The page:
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Lack Of Dwarf Galaxies Around Milky Way Perplexes Physicists

February 1, 2013
Image Caption: Visualization of Cosmic Web Stripping. Credit: Alejandro Benitez Llambay

Brett Smith for redOrbit.com – Your Universe Online

Studying the physics of the universe can be a controversial and often contradictory proposition, with theories and calculations often not matching with observations.

However, new research from Leibniz Institute for Astrophysics Potsdam in Germany, has shed some light on one situation involving differences between theory and observation.

Scientists at the institute have found that a phenomenon known as “cosmic web stripping” is responsible for the lack of dwarf galaxies near the Milky Way that should be there according to the theory of cold dark matter and dark energy.

Based on the last two decades of observational data, astrophysicists have determined that the universe is composed of 75 percent dark energy, 20 percent dark matter and 5 percent ordinary matter.

Contrary to what you might see on paranormal investigation reality shows, dark energy is the term used to describe a theoretical form of energy that permeates the entire universe and causes the expansion of the universe to accelerate.

Dark matter cannot be seen directly, but its effects can be observed through its manipulation of visible matter and radiation. Its unseen mass can warp light and radiation from nearby stars and this effect can be observed using modern technology. Astrophysicists came to acknowledge the existence of dark matter when they determined that there is more mass in the universe than what is visible.

Throughout the universe, galaxies and matter bunch together into an intricate network of filaments and voids that scientists refer to as the cosmic web. Supercomputer simulations designed to model the cosmic web have shown that there should be a large number of dwarf galaxies, about one thousandth the mass of the Milky Way, within relatively close proximity to Earth–about 10,000,000 light years. However, only a few of these galaxies have been seen orbiting the Milky Way.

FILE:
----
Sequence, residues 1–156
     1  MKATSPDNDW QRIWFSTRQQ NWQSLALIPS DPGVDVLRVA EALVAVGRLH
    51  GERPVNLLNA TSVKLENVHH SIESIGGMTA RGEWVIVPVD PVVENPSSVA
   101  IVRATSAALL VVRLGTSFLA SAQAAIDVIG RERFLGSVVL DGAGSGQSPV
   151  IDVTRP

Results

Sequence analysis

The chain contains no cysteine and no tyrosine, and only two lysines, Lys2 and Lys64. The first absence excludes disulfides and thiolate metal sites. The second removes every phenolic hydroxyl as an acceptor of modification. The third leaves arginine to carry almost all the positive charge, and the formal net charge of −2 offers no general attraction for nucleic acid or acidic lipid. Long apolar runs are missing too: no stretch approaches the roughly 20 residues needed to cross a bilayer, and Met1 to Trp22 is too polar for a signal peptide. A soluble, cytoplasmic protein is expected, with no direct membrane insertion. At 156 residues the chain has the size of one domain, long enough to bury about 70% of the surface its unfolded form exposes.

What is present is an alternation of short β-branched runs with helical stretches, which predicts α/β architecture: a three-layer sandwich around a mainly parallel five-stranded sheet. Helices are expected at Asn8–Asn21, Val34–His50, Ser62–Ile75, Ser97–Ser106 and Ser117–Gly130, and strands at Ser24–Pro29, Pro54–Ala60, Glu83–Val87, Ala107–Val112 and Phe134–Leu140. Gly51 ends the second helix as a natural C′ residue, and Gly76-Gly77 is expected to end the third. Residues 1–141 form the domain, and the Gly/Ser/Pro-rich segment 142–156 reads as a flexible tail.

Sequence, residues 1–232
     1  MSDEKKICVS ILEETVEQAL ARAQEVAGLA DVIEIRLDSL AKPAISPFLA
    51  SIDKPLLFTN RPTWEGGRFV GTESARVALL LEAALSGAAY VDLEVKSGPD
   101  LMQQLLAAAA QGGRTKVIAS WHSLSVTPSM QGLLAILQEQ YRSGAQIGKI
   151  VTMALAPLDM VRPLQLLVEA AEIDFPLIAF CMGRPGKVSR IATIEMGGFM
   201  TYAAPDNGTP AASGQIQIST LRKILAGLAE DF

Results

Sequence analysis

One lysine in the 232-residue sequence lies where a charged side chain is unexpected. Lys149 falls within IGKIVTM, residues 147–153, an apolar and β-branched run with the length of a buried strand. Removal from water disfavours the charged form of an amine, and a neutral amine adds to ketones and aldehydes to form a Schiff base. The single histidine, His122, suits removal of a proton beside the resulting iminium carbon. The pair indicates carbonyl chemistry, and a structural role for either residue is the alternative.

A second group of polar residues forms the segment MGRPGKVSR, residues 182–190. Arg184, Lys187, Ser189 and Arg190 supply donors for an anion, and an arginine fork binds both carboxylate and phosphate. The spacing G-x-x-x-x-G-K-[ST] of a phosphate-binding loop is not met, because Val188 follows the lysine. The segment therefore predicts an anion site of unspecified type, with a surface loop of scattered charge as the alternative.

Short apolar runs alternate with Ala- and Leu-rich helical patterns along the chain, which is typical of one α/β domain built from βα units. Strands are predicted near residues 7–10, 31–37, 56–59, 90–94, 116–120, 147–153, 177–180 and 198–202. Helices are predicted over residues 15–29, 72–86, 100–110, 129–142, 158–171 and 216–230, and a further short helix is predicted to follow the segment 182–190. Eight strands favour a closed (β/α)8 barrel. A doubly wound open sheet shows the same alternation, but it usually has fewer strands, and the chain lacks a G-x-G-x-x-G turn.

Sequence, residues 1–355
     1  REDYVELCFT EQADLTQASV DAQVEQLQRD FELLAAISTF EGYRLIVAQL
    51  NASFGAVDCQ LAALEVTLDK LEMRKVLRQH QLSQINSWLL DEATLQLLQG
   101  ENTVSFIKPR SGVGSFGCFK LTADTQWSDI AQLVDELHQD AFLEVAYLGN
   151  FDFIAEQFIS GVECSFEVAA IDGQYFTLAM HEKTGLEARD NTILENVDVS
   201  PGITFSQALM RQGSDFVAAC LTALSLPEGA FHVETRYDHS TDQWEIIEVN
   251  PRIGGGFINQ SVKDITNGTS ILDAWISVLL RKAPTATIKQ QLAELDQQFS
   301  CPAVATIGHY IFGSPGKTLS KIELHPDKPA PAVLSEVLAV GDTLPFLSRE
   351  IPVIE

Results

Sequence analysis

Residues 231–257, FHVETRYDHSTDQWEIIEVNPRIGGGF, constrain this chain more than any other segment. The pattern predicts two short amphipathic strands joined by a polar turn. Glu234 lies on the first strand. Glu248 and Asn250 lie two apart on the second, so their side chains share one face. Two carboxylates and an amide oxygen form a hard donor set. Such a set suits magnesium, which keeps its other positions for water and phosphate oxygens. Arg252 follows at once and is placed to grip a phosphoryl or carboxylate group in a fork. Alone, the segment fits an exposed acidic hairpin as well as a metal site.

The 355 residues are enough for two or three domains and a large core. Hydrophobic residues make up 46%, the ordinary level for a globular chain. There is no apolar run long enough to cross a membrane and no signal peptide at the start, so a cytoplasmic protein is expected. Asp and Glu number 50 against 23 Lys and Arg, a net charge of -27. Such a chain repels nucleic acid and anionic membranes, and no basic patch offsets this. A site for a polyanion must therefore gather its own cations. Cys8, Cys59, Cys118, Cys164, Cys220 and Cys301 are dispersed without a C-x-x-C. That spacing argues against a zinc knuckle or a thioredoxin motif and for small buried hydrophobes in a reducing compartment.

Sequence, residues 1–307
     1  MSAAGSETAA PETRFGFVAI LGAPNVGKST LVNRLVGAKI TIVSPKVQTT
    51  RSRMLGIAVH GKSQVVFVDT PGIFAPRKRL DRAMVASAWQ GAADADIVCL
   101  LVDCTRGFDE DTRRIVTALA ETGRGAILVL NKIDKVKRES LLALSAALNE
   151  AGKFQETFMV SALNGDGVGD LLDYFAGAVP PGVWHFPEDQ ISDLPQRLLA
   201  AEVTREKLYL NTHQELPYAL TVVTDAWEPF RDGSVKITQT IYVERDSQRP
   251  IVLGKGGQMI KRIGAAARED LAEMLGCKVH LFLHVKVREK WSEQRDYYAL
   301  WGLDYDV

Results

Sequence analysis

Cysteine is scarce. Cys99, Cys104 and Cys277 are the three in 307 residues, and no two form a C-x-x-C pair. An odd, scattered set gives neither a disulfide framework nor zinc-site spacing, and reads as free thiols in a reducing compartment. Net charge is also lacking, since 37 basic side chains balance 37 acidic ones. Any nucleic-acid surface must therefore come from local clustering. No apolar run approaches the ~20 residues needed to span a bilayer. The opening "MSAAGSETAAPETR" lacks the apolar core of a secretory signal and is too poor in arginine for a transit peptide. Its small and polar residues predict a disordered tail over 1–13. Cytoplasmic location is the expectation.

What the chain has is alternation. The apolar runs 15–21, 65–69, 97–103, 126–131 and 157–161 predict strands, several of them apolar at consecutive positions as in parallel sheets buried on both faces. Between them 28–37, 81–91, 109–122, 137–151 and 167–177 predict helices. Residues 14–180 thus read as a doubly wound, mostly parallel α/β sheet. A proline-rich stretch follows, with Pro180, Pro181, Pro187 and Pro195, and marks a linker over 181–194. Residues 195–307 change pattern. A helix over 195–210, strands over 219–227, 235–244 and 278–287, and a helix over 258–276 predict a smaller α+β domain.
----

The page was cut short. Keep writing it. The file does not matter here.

To investigate why there appeared to be a lack of nearby dwarfs, an international team of researchers within the Constrained Local UniversE Simulations project (CLUES) decided to take a closer look at the positions and behaviors of nearby galaxies. Based on these inspections, the team was able to construct a more detailed model of the Milky Way´s neighborhood.

“The main goal of this project is to simulate the evolution of the Local Group – the Andromeda and Milky Way galaxies and their low-mass neighbors – within their observed large scale environment,” Stefan Gottlöber of the Leibniz Institute, said in a statement.

Using the new models, the researchers found that some of the Milky Way´s farthest dwarf neighbors move with such high speeds that most of their interstellar gas is stripped off. The astronomers dubbed this newly observed phenomenon, “Cosmic Web Stripping”, because the cosmic web is ultimately responsible for the loss of the dwarfs´ gas supply.

“These dwarfs move so fast that even the weakest membranes of the Cosmic Web can rip off their gas”, explained study co-author Alejandro Benítez LLambay, from the Universidad Nacional de Córdoba in Argentina. “Without a large gas reservoir out of which to form stars, these dwarf galaxies should be so small and dim that they would be hardly be visible today. The missing dwarfs may simply be too faint to see [sic].”


Source: Brett Smith for redOrbit.com - Your Universe Online



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